Review by Horn Book Review
This sequel to The Wizards of Once (rev. 1/18) finds brash Xar muffing a breakout from the Gormincrag Rehabilitation Center for the Re-Education of Dark Magic and Wicked Wizards while the more cautious Wish frets in her realms Tower of Educations Punishment Cupboard. After both do successfully escape, they reconnect and take off on a new adventure, tracking ample evidence of the demonic Kingwitchs return. Their parents from feuding kingdomswizard Encanzo the King Enchanter and warrior Queen Sychoraxeventually heed their childrens urgent warnings and begin to rethink their respective groups traditional animosity. This fast-paced sequel is full of the same humor, sketchlike illustrations, use of Capital Letters, and introduction of unique companions (among them an adorable sentient spoon and some capable hairy fairies) as the previous entry. While the ending is completely satisfying, it also leaves plenty of openings for a projected third book. monica Edinger January/February 2019 p 88(c) Copyright 2018. The Horn Book, Inc., a wholly owned subsidiary of Media Source, Inc. No redistribution permitted.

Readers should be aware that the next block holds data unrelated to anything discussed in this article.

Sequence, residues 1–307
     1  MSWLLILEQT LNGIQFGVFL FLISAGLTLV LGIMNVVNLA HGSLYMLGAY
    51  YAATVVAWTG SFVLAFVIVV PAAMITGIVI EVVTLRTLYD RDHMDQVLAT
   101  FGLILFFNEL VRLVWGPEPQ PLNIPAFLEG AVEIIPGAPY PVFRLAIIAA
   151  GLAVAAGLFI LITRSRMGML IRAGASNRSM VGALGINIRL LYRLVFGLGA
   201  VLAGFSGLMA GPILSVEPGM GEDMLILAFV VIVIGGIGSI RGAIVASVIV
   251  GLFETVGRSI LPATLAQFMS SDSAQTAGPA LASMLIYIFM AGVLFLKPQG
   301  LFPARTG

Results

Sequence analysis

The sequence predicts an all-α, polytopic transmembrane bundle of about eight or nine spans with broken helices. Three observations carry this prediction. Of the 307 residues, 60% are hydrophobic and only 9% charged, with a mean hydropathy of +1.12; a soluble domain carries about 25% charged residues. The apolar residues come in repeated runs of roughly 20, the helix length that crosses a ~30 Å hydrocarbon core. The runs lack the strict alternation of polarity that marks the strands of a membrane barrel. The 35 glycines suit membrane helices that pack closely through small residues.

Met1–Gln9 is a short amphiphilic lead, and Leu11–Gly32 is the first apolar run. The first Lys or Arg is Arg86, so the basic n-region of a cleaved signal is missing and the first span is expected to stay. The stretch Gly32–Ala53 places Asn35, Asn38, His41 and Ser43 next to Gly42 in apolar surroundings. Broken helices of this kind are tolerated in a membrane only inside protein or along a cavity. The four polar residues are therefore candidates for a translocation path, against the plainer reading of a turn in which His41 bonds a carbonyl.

(c) Copyright The Horn Book, Inc., a wholly owned subsidiary of Media Source, Inc. No redistribution permitted.
Review by Kirkus Book Review
Into the woods Xar and Wish go again; they have to every now and then.In this action-packed magical sequel to The Wizards of Once (2017), Cowell returns readers to a fantasy world chock-full of wizards and warriors, distrust, and discord. Following the events of the first novel, Xar, the Enchanter's son, finds himself imprisoned after a self-injection of Witchblood, an attempt to make his own magical powers manifest themselves. On the other side of the kingdom, Wish, the daughter of the Warrior Queen Sychorax, is locked in a magical cupboard, still being ignored by her mother. Desperate to recapture the Kingwitch and halt the infestation of witches in the kingdom, both teenagers break out of their respective prisons and join forces. The tale zips along, aided by the author's humorous dialogue and the antics of returning characters, from Xar's sprightly advisers to Wish's beleaguered bodyguard, Bodkin, and her anthropomorphic Spoon. Magical mischief aside, this is a tale about parent-child relationships and the lengths to which the latter will go to gain the former's respect. Xar's and Wish's parents love them but fail to recognize them as individuals coming into their own. This is a cautionary tale demonstrating the danger of not taking children seriously, and the parental blunders while trying to understand their children feel very real. Both children present white in Cowell's scratchy, smudgy illustrations.Readers will clamor for more. (Fantasy. 9-13) Copyright Kirkus Reviews, used with permission.
Copyright (c) Kirkus Reviews, used with permission.